"An effect on storm tides and storm surge is therefore also plausible, but the exact mechanisms remain to be investigated," he said.

According to the study, Sandy produced the largest storm tide on record since 1821.

Talke became interested in historical storm tide four years ago during his participation in a project investigating the change in tides along the West Coast. During that time, he found evidence of earlier measurements through Google not recorded in the NOAA database.

Talke noticed that documents from the 1800s were not always reflected in any modern documents.

"Even people that I contacted at NOAA did not know anything about the data, and it was presumed lost," he said. "However, with persistence, I found someone at NOAA who knew of an old box in a storage room, and an archivist with the National Archives who knew of additional documents."

Talke continued to dig for the lost information, which would eventually provide him with some of the data he was looking for.

"Little by little, through a combination of luck and pluck, I was able to find more and more of the data, including eventually the ‘mother lode'-a series of 26 boxes that included tabulations of all the major U.S. tide measurements in the nineteenth century, going back to the 1830s and 1840s," he said, adding he is still sorting through a large portion of the documents.

His motivation in New York was primarily Hurricane Sandy's impact in October 2012. In 1893 and 1821 hurricanes also struck New York, but their storm tide heights were unknown.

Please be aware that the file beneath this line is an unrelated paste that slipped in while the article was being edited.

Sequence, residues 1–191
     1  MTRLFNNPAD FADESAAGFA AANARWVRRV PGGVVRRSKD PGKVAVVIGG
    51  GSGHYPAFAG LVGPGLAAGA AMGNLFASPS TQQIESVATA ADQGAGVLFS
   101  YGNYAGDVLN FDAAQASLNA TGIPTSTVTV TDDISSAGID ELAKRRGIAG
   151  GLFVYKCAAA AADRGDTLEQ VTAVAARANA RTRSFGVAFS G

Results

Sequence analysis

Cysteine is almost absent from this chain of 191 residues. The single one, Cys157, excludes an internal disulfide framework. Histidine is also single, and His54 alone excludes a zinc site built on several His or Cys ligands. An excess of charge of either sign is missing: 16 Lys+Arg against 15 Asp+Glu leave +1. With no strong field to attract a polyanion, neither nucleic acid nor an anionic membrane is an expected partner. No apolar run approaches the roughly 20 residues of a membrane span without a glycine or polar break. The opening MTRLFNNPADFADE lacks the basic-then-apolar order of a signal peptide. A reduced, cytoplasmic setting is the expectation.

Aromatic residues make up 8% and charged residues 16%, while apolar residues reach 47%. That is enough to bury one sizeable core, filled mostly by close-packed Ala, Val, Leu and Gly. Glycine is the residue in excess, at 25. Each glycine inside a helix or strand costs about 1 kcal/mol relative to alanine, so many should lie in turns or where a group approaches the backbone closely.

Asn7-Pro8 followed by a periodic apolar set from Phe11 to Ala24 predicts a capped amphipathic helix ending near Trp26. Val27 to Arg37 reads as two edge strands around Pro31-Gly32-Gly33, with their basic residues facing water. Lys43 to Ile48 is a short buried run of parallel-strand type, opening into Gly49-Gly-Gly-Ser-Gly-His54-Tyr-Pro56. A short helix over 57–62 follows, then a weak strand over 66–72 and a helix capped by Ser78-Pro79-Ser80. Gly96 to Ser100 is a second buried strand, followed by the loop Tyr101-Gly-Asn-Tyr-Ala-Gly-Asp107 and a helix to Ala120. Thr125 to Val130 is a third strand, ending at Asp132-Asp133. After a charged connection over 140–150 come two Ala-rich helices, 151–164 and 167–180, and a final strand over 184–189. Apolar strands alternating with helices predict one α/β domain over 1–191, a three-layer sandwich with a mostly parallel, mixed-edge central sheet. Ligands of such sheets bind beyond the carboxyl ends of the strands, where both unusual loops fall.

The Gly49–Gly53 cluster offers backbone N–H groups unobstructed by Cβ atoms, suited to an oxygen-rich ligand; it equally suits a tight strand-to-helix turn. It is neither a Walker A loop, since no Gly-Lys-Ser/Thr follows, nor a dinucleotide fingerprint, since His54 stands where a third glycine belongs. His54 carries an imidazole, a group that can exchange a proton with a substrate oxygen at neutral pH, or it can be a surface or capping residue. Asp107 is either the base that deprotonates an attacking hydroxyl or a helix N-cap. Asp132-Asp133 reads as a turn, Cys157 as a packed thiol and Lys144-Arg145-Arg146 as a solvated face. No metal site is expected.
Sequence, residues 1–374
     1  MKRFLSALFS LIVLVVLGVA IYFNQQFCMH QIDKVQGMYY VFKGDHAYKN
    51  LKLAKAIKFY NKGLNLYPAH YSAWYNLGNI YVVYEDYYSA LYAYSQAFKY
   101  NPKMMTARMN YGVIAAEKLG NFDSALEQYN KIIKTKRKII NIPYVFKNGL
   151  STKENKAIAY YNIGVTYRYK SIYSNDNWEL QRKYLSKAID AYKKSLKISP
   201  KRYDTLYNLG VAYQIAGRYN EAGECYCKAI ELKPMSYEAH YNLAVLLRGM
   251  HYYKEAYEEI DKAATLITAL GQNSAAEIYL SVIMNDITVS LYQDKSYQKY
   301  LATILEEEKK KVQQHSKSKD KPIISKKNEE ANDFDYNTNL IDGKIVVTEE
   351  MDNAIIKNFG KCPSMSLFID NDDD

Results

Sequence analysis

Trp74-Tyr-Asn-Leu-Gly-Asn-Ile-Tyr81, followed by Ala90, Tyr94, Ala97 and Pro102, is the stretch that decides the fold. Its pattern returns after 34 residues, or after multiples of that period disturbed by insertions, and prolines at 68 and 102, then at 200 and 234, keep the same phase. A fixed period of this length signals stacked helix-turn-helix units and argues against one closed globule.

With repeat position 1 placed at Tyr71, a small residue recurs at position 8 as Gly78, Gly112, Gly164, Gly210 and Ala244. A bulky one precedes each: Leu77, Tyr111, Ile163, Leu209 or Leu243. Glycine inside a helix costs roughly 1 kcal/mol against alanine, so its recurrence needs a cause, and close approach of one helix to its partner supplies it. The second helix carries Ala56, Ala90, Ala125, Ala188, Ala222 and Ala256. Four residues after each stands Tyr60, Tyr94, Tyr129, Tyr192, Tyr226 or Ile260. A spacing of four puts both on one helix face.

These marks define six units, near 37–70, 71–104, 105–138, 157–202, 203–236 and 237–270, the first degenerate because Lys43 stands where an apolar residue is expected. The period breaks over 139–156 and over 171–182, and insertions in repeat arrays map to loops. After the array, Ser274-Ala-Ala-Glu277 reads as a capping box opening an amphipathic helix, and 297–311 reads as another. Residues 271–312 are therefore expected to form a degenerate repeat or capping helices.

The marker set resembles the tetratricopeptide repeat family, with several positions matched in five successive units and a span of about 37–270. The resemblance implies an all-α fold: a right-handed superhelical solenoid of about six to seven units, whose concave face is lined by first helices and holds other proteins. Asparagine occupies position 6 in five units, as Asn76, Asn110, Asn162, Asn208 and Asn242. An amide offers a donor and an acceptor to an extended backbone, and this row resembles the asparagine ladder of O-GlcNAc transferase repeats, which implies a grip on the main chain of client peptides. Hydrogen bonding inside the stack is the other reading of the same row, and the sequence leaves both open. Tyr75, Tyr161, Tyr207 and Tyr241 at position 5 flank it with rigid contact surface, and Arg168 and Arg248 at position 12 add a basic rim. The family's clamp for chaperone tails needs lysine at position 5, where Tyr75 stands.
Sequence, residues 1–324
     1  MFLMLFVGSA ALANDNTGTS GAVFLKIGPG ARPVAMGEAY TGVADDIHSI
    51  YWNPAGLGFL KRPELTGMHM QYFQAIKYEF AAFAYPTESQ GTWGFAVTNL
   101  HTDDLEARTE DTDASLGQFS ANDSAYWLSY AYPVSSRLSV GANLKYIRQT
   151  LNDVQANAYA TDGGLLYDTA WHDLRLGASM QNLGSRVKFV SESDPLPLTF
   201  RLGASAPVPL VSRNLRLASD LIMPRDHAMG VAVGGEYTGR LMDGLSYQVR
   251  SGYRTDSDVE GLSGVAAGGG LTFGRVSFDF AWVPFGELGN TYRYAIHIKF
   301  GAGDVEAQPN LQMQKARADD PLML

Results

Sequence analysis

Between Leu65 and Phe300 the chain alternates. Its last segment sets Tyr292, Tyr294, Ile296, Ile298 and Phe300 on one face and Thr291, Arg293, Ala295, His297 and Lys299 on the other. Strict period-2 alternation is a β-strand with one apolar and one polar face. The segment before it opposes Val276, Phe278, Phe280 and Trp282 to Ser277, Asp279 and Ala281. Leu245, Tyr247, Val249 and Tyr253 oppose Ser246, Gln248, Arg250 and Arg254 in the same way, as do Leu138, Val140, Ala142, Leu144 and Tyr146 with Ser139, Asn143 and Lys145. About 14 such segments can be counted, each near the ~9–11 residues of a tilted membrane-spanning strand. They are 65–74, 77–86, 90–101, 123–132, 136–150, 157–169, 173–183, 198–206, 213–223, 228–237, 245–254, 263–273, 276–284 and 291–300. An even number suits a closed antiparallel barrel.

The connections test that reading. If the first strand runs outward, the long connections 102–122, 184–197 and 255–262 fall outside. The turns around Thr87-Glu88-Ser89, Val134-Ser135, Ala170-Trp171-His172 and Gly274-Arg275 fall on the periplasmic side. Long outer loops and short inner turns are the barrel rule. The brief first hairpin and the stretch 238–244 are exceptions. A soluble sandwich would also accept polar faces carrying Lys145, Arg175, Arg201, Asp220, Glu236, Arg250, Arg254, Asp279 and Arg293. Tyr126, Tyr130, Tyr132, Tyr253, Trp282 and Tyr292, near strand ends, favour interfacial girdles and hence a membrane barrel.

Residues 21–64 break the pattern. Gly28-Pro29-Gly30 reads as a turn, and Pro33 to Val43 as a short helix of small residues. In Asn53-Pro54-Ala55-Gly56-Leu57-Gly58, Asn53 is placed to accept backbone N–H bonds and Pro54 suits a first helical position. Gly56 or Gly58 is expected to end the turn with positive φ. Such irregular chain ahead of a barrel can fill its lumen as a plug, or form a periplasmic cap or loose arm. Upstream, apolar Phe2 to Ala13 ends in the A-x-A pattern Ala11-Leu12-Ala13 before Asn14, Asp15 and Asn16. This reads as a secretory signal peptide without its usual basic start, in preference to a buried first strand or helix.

However, because of an experience he had months earlier, he knew that the 1893 hurricane did not produce the highest storm tide of the year. With his results, he knew data stretching as far back as 1835 was available in the archives.

"The motivation for the study was to get a better idea of the return period for hurricane Sandy, using more data," he said. "What we found is that one really needs to include the 1821 event to get a decent return period; we currently have a manuscript in preparation on that issue."

Talke, an assistant professor of civil and environmental engineering at Portland State University, said the ‘jury is still out' on methods to mitigate and reduce storm tides in the future; however, it would likely be wise to include the possibility of increased storm tides and rising sea levels into regional planning.

"If there are local causes to increased flooding, there could be local solutions," he said. "However, initial modeling efforts by my co-author, Philip Orton, suggest that restoring wetlands and reducing channel depths in Raritan Bay (a side embayment of New York Harbor) can significantly diminish the storm surge wave."

Talke added that more work is needed to explore such ‘green' alternatives to traditional civil engineering structures.